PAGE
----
Charleston Post and Courier
December 1, 2018


I seldom have the opportunity to respond to a column from someone who I consider to be a friend. I have that opportunity today because of a recent op-ed by Stephen Gilchrist, the state chairman of Explore Offshore SC and of the S.C. Black Chamber of Commerce. Mr. Gilchrist, who decidedly leans Republican, doesn’t turn a blind eye to the racially divisive political tactics employed by the GOP, embraces an authentic civil rights agenda and isn’t afraid to call out those who promote racial bigotry.

Mr. Gilchrist recently took The Post and Courier to task for an article about offshore oil drilling that noted efforts to “sell” offshore drilling to the black community. He said that his organization – Explore Offshore – is bipartisan and doesn’t appeal exclusively to the black community.

I understand his thinking and his argument, but he was quoted in the article in question as saying that black unemployment numbers along the coast exceed the overall unemployment rate and that offshore oil drilling could bring needed jobs. That reminded me of how Mr. Gilchrist and I came to know each other two decades ago.

I met him when I was a pastor in Richland County, and he was spearheading an effort to sell school choice to a skeptical black community. We had more than a few spirited debates about whether school choice would benefit the black community or re-segregate public schools. The Post and Courier’s recent – and excellent – series on public education showed that “school choice” has indeed led to re-segregation and unequal opportunity in our public schools. I look forward to telling him that I was right.

Given our “history” and past debates, I believe that Mr. Gilchrist is sincere in his advocacy for offshore drilling. I also think that he’s wrong.

Offshore drilling is more than simply boring random holes in the ocean floor. Offshore drilling requires seismic testing to locate oil deposits – using explosives that could damage the ocean’s ecosystem and marine life.

The additional possibility of a major accidental oil spill cannot be ignored. America’s Gulf Coast is still recovering from the 2010 Deepwater Horizon oil spill, which led to catastrophic decimation of bird and marine life and left oil-soaked beaches in its wake. A similar oil spill off the South Carolina coast would devastate our tourism industry and the related jobs and eradicate a source of income for commercial fishermen of all colors, including those along the culturally designated “Gullah-Geechee Corridor” that runs along the North Carolina, South Carolina and Georgia coasts and sea islands.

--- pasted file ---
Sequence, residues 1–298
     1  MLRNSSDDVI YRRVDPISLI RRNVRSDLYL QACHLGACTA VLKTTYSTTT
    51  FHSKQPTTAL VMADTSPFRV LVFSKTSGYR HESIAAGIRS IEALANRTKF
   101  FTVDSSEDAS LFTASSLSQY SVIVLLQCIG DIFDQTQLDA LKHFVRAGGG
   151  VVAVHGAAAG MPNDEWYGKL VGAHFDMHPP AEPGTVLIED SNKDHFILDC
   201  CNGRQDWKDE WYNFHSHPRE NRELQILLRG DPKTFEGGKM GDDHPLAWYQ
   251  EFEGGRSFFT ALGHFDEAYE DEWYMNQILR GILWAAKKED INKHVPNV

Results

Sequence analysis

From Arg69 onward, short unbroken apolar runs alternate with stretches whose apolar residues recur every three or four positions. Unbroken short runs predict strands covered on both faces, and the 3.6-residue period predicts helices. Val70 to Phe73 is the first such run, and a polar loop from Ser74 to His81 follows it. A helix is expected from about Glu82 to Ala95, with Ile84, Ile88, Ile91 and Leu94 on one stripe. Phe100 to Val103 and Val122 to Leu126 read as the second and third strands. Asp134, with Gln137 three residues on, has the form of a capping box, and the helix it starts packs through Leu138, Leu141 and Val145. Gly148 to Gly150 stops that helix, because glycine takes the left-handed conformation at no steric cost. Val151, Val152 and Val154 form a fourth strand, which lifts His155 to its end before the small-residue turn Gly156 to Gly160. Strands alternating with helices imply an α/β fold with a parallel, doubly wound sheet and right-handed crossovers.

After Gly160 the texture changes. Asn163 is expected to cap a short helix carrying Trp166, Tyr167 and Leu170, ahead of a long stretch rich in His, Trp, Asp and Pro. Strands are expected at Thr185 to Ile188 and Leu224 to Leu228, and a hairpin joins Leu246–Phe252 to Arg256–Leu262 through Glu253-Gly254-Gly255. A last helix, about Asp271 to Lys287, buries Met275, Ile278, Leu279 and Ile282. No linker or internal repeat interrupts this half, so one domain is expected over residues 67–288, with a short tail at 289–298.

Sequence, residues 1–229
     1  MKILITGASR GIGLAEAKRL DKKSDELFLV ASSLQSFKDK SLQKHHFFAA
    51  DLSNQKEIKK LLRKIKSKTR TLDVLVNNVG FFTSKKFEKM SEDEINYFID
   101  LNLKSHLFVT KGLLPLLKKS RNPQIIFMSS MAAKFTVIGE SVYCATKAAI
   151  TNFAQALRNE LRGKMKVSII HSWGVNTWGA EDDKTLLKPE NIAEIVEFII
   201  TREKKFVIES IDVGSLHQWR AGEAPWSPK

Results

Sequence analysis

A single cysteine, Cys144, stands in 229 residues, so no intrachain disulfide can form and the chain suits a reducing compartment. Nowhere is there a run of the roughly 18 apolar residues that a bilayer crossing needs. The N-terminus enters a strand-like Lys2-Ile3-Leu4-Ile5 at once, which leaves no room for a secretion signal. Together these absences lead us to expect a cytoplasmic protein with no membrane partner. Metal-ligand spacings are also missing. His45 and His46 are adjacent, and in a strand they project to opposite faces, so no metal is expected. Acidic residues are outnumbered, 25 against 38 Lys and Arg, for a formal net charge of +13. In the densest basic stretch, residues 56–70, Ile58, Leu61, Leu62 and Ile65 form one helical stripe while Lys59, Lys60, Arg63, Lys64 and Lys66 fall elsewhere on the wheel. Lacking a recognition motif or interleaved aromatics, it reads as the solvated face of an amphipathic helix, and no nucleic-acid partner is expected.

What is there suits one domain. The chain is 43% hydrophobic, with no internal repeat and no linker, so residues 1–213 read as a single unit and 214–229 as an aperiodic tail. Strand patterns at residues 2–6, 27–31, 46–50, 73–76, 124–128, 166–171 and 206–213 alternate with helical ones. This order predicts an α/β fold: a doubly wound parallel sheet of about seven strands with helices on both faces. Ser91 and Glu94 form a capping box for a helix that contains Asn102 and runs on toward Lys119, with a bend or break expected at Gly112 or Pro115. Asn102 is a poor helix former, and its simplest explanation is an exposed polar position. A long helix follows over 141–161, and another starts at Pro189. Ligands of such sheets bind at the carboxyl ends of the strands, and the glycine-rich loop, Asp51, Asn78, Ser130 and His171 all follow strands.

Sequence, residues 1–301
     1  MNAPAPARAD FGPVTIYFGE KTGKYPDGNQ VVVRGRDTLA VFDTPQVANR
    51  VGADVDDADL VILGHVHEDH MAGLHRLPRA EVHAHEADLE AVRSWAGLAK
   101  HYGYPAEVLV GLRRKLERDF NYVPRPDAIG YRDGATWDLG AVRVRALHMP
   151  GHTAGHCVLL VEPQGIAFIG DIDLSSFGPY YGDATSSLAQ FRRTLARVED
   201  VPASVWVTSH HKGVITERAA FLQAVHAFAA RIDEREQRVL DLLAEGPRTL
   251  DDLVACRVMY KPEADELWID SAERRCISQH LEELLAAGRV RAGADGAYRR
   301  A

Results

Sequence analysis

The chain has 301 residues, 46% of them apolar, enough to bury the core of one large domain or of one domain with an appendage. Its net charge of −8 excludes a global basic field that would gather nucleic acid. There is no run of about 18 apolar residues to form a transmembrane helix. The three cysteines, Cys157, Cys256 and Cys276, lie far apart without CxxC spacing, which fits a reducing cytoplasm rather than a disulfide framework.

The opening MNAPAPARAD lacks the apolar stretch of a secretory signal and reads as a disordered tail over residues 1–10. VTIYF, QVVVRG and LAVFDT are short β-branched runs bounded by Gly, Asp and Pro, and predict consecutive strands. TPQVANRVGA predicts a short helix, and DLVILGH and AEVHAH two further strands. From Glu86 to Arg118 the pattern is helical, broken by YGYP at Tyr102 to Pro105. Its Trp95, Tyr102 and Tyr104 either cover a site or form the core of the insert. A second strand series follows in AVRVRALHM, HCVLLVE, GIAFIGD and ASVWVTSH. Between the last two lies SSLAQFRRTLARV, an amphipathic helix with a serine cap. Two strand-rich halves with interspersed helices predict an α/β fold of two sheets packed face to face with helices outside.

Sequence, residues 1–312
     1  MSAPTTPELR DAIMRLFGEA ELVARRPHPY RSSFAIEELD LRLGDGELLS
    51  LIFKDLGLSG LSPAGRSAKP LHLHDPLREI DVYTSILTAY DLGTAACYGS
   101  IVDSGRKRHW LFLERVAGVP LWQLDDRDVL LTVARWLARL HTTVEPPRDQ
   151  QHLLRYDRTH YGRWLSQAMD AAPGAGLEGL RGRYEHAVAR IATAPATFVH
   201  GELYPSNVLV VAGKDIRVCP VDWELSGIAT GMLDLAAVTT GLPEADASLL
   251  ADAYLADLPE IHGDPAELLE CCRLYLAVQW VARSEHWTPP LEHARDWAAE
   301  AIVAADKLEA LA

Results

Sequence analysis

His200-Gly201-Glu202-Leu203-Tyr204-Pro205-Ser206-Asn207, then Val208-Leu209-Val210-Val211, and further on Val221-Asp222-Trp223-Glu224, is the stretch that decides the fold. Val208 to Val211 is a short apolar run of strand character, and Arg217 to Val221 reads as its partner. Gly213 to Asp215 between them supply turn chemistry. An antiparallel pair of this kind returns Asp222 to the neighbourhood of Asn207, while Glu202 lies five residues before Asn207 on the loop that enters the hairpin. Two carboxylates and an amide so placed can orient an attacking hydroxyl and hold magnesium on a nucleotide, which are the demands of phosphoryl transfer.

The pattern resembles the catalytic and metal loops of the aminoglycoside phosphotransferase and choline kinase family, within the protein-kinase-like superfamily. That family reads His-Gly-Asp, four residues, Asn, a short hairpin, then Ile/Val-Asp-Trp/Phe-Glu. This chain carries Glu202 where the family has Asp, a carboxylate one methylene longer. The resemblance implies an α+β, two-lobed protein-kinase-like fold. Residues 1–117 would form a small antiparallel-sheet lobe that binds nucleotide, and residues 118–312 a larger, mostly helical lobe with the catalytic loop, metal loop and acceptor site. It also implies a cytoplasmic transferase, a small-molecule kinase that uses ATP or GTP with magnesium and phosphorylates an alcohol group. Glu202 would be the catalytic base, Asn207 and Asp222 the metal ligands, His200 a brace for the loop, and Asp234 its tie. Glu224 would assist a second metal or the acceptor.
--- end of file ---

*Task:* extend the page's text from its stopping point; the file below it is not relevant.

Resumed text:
One specific and chronic African-American concern should also be noted. Most of America’s “Superfund” sites – areas that are badly polluted and have been poisoned by careless industrial enterprise – are located adjacent to black communities. Environmental racism is a reality. A coastal environmental catastrophe would have its most devastating impact on already struggling black communities, both in terms of economic impact and quality of life.

I agree with Mr. Gilchrist that offshore drilling would create jobs in and beyond the black community, but my concern about those jobs epitomizes something that’s become a matter of debate in the days of Donald Trump – the issue of “dollars over decency.” The Trump administration has diligently tried to roll back or eradicate environmental regulations, whether those regulations involve carbon emissions, clean energy, protection of public lands or offshore drilling for oil.

The Trump administration has tried, at every opportunity, to loosen environmental regulations so that the “rich can get richer” – regardless of environmental damage or public health impact – while ignoring our Creator’s admonition to be good stewards of the Earth, and ignoring the potential environmental impact on black communities that have traditionally been ignored and abused by the powers that be.

Mr. Gilchrist is right in noting the potential economic benefits of offshore drilling, but when it comes to the potential effect on our coastal culture, environment, present economic viability and quality of life, I agree with something that one of my preacher-uncles said when he was offered money to “sell” something that was politically dubious to those in his congregation: “Some money costs too much, and my community is not for sale.”

The Rev. Joseph A. Darby is senior pastor at Nichols Chapel AME Church and first vice president for the Charleston Branch NAACP.

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